Saturday, April 30, 2011
Thursday, April 7, 2011
Myth number five is a personal favorite of mine. It states that “merit pay will motivate teachers to teach more effectively” and the refutation is, obviously, that it won’t. Research shows that pay for performance in the absence of anything else doesn’t work in any field. And that is why this is the ultimate red herring. Merit pay isn’t about improving current teachers. It is about recruitment and retention. I don’t even know how much merit pay proponents think of it in this manner because it seems like nobody ever talks about recruitment and retention when they talk about merit pay.
Merit pay is good for recruitment and retention on multiple levels. Obviously, merit pay means more potential earnings which is a great way to recruit potential teachers. After all money was the deciding factor for a lot of future financial wizards before they tanked the economy. Now, it is true, nobody wants to recruit teachers who are only in it for the money. I doubt many would be so swayed, rather I think recruitment would improve dramatically among those potential teachers who choose other professions because of money. By introducing merit pay money can cease to be the deciding factor for those who do not choose teaching because of money.
It isn’t just more money though. It is what that money signals. By having merit pay we signal that we value merit, success, effectiveness. The current standard pay structures don’t signal a meritocracy at all. The signal is that staying power, experience and willingness to attain credentials of questionable value are valued more than anything else. Yes, experience and staying power are valuable, but more valuable than being an effective teacher? I, for one, would rather enter a profession where I am rewarded for good work, not just for showing up for a long time, where I am forever stuck being compensated less than those who came before me no matter how hard I work or how effective I am.
The signaling effect and the money effect don’t just apply to recruitment but also retention. Teachers don’t exist in a vacuum. They have diverse interests and skills and have diverse options for how they wish to spend their lives and earn their living. Imagine being a successful teacher, who is also really good at other things too. Most urban teachers face stresses unimaginable by most people every day. It isn’t easy and it grinds you down, day after day, month after month, year after year. Ask anyone. Yes it is also rewarding but most of the time it is also quite thankless. Now if leaving the profession after three or five or ten years to enter a new job that is a little less stressful and compensates you a little better is an option, can you blame someone for taking that option? But if the person is a great teacher might a little extra money change the decision making process a little bit by taking money considerations off the table? Maybe the stresses remain too high but maybe not. Maybe by making the decision entirely about how they want to spend their lives and not about how they need to make a living would let more teachers remain in the profession if they are good teachers.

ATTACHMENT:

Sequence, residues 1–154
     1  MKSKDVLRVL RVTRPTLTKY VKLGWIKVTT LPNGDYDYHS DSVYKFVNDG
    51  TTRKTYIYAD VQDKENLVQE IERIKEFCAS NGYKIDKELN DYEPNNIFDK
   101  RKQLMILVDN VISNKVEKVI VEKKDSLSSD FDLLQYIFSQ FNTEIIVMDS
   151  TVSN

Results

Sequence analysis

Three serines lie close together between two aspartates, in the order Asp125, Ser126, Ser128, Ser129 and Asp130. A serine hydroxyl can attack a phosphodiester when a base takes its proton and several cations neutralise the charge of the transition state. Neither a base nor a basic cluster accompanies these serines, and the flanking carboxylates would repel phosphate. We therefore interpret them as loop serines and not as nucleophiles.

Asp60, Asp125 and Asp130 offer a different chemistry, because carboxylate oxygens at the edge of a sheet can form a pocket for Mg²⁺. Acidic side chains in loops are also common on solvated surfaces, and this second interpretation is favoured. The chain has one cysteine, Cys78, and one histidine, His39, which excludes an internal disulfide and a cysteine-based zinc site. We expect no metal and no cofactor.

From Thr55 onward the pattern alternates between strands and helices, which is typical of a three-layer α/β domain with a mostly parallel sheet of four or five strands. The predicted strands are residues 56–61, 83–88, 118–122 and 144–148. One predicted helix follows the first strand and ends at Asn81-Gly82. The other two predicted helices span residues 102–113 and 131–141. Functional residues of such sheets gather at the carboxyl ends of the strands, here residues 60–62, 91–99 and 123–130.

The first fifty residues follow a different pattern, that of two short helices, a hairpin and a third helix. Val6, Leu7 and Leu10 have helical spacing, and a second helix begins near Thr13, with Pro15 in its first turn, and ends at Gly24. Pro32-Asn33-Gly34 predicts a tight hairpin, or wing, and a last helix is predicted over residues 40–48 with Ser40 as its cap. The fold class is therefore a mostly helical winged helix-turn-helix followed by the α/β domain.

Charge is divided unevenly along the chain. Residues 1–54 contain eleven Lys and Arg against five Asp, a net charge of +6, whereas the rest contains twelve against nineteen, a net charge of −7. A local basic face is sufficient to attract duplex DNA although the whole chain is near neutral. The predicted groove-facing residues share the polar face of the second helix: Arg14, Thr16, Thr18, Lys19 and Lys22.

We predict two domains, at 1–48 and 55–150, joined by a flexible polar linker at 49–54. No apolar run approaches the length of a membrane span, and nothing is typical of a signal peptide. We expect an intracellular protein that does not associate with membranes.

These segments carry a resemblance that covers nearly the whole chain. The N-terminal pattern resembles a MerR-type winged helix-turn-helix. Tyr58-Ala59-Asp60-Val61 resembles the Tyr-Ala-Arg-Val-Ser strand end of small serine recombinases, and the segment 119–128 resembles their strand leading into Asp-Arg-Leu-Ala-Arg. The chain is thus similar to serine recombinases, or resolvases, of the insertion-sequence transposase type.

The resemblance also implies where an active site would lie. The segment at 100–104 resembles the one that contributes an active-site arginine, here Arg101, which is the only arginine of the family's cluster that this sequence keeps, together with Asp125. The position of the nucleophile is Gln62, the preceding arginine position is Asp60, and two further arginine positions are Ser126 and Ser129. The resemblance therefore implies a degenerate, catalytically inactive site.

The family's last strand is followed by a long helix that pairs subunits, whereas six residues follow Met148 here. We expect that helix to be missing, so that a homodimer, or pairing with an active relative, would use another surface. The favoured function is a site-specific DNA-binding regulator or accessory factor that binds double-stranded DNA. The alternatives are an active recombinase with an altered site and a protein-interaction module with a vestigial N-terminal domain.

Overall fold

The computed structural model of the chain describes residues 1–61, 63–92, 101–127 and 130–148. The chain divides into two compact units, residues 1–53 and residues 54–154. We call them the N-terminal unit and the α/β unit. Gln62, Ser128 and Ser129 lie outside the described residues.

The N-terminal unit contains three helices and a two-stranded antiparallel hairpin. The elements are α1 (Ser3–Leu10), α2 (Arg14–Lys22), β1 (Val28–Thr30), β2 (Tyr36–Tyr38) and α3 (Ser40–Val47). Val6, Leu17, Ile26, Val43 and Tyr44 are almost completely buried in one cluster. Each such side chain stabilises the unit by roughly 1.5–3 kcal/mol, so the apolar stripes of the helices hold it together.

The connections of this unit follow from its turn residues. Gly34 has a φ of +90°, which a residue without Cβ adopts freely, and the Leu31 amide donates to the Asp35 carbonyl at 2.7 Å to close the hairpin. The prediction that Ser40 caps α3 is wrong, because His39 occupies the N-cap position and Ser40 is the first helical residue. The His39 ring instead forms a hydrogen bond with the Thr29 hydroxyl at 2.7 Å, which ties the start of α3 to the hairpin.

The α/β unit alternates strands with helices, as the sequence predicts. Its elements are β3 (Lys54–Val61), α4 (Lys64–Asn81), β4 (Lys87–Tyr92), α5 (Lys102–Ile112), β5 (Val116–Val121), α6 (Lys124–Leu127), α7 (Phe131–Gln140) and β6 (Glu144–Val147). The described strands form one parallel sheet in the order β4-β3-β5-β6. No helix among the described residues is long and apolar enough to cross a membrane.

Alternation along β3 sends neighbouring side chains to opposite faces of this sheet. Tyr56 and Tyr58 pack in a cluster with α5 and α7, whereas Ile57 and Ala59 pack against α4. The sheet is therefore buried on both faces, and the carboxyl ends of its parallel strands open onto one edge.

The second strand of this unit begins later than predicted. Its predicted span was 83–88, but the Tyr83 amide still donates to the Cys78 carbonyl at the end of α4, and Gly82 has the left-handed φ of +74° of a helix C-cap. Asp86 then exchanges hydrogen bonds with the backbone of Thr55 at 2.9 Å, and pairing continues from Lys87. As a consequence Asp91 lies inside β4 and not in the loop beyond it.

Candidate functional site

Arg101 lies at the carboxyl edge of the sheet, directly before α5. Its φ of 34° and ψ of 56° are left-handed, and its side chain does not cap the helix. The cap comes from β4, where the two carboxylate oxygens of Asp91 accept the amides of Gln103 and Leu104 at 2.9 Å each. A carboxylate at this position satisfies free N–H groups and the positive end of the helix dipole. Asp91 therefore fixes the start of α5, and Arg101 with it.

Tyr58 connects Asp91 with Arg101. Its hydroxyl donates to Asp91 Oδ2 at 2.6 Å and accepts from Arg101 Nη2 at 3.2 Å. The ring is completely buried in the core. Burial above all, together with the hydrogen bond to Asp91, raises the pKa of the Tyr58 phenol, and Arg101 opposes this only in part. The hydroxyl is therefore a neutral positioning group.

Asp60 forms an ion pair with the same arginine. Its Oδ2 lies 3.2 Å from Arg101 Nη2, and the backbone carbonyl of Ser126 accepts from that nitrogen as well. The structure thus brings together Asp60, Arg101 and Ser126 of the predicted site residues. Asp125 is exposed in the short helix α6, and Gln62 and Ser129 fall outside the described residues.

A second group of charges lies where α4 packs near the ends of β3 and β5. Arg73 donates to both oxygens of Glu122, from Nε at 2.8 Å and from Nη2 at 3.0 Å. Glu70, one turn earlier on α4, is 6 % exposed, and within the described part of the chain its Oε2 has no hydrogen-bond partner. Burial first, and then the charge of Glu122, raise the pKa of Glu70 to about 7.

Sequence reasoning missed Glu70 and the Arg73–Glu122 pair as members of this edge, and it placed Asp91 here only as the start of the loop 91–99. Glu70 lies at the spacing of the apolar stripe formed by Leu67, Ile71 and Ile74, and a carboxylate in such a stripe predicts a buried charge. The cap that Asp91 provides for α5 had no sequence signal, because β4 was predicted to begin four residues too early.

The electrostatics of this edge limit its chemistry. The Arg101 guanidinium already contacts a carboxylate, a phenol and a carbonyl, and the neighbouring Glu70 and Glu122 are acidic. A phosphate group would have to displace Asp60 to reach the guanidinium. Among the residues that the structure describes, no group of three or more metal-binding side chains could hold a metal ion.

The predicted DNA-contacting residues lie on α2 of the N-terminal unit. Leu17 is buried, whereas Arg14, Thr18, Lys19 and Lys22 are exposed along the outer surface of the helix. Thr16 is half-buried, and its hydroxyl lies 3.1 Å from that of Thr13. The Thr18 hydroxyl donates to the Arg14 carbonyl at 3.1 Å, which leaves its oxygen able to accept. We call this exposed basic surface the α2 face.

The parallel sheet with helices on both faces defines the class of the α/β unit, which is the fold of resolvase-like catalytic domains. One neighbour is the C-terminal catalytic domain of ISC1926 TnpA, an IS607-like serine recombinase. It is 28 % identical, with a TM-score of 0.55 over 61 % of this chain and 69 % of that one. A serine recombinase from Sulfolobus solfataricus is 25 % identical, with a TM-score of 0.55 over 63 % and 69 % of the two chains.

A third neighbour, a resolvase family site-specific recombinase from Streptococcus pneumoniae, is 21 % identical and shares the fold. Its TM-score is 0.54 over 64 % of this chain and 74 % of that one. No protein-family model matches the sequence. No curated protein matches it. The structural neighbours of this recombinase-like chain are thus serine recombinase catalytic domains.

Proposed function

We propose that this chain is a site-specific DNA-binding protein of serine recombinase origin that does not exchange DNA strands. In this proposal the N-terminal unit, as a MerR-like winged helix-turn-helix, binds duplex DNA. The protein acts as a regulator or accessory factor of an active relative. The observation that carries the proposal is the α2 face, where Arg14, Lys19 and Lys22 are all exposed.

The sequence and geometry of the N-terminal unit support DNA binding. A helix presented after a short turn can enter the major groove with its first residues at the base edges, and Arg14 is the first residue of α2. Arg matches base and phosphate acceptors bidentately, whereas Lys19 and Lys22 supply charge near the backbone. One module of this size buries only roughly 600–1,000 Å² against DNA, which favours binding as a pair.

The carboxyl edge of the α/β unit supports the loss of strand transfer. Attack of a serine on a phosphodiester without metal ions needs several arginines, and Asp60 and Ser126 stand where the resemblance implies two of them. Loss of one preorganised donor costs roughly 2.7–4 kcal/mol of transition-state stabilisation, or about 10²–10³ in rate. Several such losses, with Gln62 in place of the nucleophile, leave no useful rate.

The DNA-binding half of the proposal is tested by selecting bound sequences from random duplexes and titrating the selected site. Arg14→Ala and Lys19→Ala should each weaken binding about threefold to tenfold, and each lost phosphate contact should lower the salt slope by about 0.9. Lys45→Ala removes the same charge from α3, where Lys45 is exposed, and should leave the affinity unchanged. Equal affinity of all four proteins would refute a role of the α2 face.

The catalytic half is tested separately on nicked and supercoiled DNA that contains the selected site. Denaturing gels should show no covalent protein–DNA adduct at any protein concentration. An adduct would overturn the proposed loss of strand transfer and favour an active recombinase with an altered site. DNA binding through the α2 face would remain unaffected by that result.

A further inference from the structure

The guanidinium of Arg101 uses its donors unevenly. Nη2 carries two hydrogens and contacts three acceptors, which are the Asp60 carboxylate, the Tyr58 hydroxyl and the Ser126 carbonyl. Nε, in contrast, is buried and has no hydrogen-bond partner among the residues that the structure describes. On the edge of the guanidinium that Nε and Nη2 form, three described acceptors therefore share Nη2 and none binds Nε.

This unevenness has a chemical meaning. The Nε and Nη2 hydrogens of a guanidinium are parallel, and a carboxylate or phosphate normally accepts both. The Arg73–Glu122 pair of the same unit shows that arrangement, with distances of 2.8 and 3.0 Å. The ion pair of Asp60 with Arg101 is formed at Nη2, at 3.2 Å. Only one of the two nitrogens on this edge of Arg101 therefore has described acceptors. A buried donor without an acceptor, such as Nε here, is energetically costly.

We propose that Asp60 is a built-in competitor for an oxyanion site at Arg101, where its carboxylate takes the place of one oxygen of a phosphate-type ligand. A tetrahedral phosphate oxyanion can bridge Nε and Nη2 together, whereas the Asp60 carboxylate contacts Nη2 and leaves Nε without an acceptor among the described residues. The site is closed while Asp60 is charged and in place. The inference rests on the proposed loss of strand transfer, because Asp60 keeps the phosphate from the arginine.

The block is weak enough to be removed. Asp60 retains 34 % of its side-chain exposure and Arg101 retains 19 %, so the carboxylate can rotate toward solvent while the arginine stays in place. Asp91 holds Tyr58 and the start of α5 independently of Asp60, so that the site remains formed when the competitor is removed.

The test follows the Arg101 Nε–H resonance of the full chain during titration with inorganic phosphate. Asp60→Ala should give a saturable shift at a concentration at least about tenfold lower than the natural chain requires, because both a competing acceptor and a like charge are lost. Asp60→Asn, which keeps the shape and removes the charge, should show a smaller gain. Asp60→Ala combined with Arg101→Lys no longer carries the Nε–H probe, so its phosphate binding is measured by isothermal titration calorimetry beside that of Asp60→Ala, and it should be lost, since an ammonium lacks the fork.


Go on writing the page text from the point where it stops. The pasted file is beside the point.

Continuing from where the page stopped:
Same goes for signaling value. Everyone thinks they are underpaid and undervalued. It is the nature of jobs and life. But at least if you work really hard and do a really good job there is a reasonable expectation that at some point you will be rewarded for that in most jobs. Whether that reward comes through a raise or a promotion or just some recognition depends on the person and the job. But it is nice to be recognized. It is nice to be valued. A raise doesn’t just say good job. It also says we value you, we want you here, we see what you are doing and it is special. And not allowing for that signals that you are just like everyone else, you are not special, we do not see you. And it must hurt morale for some teachers who are amazing, who work insanely hard, who push their kids to new heights have to wait fifteen years to be compensated at the same level as the teacher down the hall who isn’t putting in the work they are or to be compensated the same as the teacher across the hall who thinks teaching is yelling and can’t wait for summer break. In such situations, where it is hard to differentiate between the best, the worst and the middle, where there is no reward for being anything other than average, it isn’t hard to see many of the brightest regressing to the mean a little bit because why kill yourself for someone who can’t even go to bat for you?
So yes, merit pay won’t make your teachers better. Money isn’t that type of motivator. But over time it should improve the caliber of your teacher corps. And that should raise student achievement.
Another favorite myth from the myths that distract policy makers is that “teacher tenure rules make it impossible to get rid of poor teachers”. According to the refutation the real problems is “ill-trained and supported administrators.” Another point of research indicates it is actually “poor evaluation procedures.” I, personally, feel it is definitely both.
That’s right, I agree that poor evaluation procedures and under supported administrators make it hard for evaluations to work properly and thus make it difficult to get rid of poor teachers. Which is why we should end tenure…period.